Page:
High resilience in the Yamal-Nenets social¢â‚¬â€œecological ... today, 300,000 of them on Yamal Peninsula

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  • High resilience in the Yamal-Nenets social–ecological system, West Siberian Arctic, Russia Bruce C. Forbesa,1, Florian Stammlera,b, Timo Kumpulac, Nina Meschtybd, Anu Pajunena, and Elina Kaarlejärvia,2

    aArctic Centre, University of Lapland, 96101, Rovaniemi, Finland; cDepartment of Geography, University of Joensuu, 80101, Joensuu, Finland; dInstitute of Ethnology and Anthropology, Russian Academy of Sciences, Moscow 119334, Russia; and bScott Polar Research Institute, University of Cambridge, Cambridge CB2 1ER, United Kingdom

    This Feature Article is part of a series identified by the Editorial Board as reporting findings of exceptional significance.

    Edited by B. L. Turner, Arizona State University, Tempe, AZ, and approved October 28, 2009 (received for review July 26, 2009)

    Tundra ecosystems are vulnerable to hydrocarbon development, in part because small-scale, low-intensity disturbances can affect vege- tation, permafrost soils, and wildlife out of proportion to their spatial extent. Scaling up to include human residents, tightly integrated arctic social-ecological systems (SESs) are believed similarly suscepti- ble to industrial impacts and climate change. In contrast to northern Alaska and Canada, most terrestrial and aquatic components of West Siberian oil and gas fields are seasonally exploited by migratory herders, hunters, fishers, and domesticated reindeer (Rangifer taran- dus L.). Despite anthropogenic fragmentation and transformation of a large proportion of the environment, recent socioeconomic up- heaval, and pronounced climate warming, we find the Yamal-Nenets SES highly resilient according to a few key measures. We detail the remarkable extent to which the system has successfully reorganized in response to recent shocks and evaluate the limits of the system’s capacity to respond. Our analytical approach combines quantitative methods with participant observation to understand the overall effects of rapid land use and climate change at the level of the entire Yamal system, detect thresholds crossed using surrogates, and iden- tify potential traps. Institutional constraints and drivers were as important as the documented ecological changes. Particularly crucial to success is the unfettered movement of people and animals in space and time, which allows them to alternately avoid or exploit a wide range of natural and anthropogenic habitats. However, expansion of infrastructure, concomitant terrestrial and freshwater ecosystem deg- radation, climate change, and a massive influx of workers underway present a looming threat to future resilience.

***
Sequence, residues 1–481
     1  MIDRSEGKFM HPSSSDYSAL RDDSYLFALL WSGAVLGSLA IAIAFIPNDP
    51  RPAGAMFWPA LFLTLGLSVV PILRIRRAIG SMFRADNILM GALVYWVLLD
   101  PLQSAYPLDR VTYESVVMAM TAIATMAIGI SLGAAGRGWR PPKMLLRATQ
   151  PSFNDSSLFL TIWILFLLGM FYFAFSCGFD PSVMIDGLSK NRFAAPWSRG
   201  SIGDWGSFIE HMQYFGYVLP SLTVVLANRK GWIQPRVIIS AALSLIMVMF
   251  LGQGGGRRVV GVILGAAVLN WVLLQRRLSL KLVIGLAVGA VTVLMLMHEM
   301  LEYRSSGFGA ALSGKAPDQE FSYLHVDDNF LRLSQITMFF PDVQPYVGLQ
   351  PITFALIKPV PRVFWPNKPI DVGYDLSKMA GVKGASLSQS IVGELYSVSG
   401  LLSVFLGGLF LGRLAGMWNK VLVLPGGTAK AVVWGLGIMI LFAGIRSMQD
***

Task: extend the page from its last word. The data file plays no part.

tundra disturbance � Rangifer tarandus � reindeer nomadism � oil and gas activities � remote sensing

    Certain Arctic regions have experienced more significant andrapid climate warming than others in recent decades. In the Yamal-Nenets Autonomous Okrug (YNAO), on Russia’s West Siberian plain, average air temperatures have increased 1–2 °C over the past 30 years (1). Portions of northern Alaska and Canada have warmed to a comparably high level during the same period (1–3). Oil and gas development are also unevenly distributed around the circumpolar Arctic, with a few regions in North America and Russia experiencing extensive impacts, whereas others are virtually un- touched (4, 5). Understanding the response of West Siberian social-ecological systems (SESs) (6) to rapid land use and climate change is important because they contain among the largest known untapped gas deposits in the world (7) and are warming rapidly (1–3). The ecosystems of YNAO, in particular, have been subject to widespread terrestrial and aquatic degradation both north and south of treeline (8–11), although the production of gas from the tundra zone is still several years away (12). This article analyzes the past, current, and possible future responses of the Yamal-Nenets SES to the most significant external shocks such as pasture degra- dation by industry, rapid climate change, the fall of the Soviet Union, and influx of industrial labor migrants. Responses include widespread transformation of tundra vegetation, adjustments of migration routes and timing by humans and reindeer, avoidance of

    disturbed and degraded areas, and the development of new eco- nomic practices and social interaction.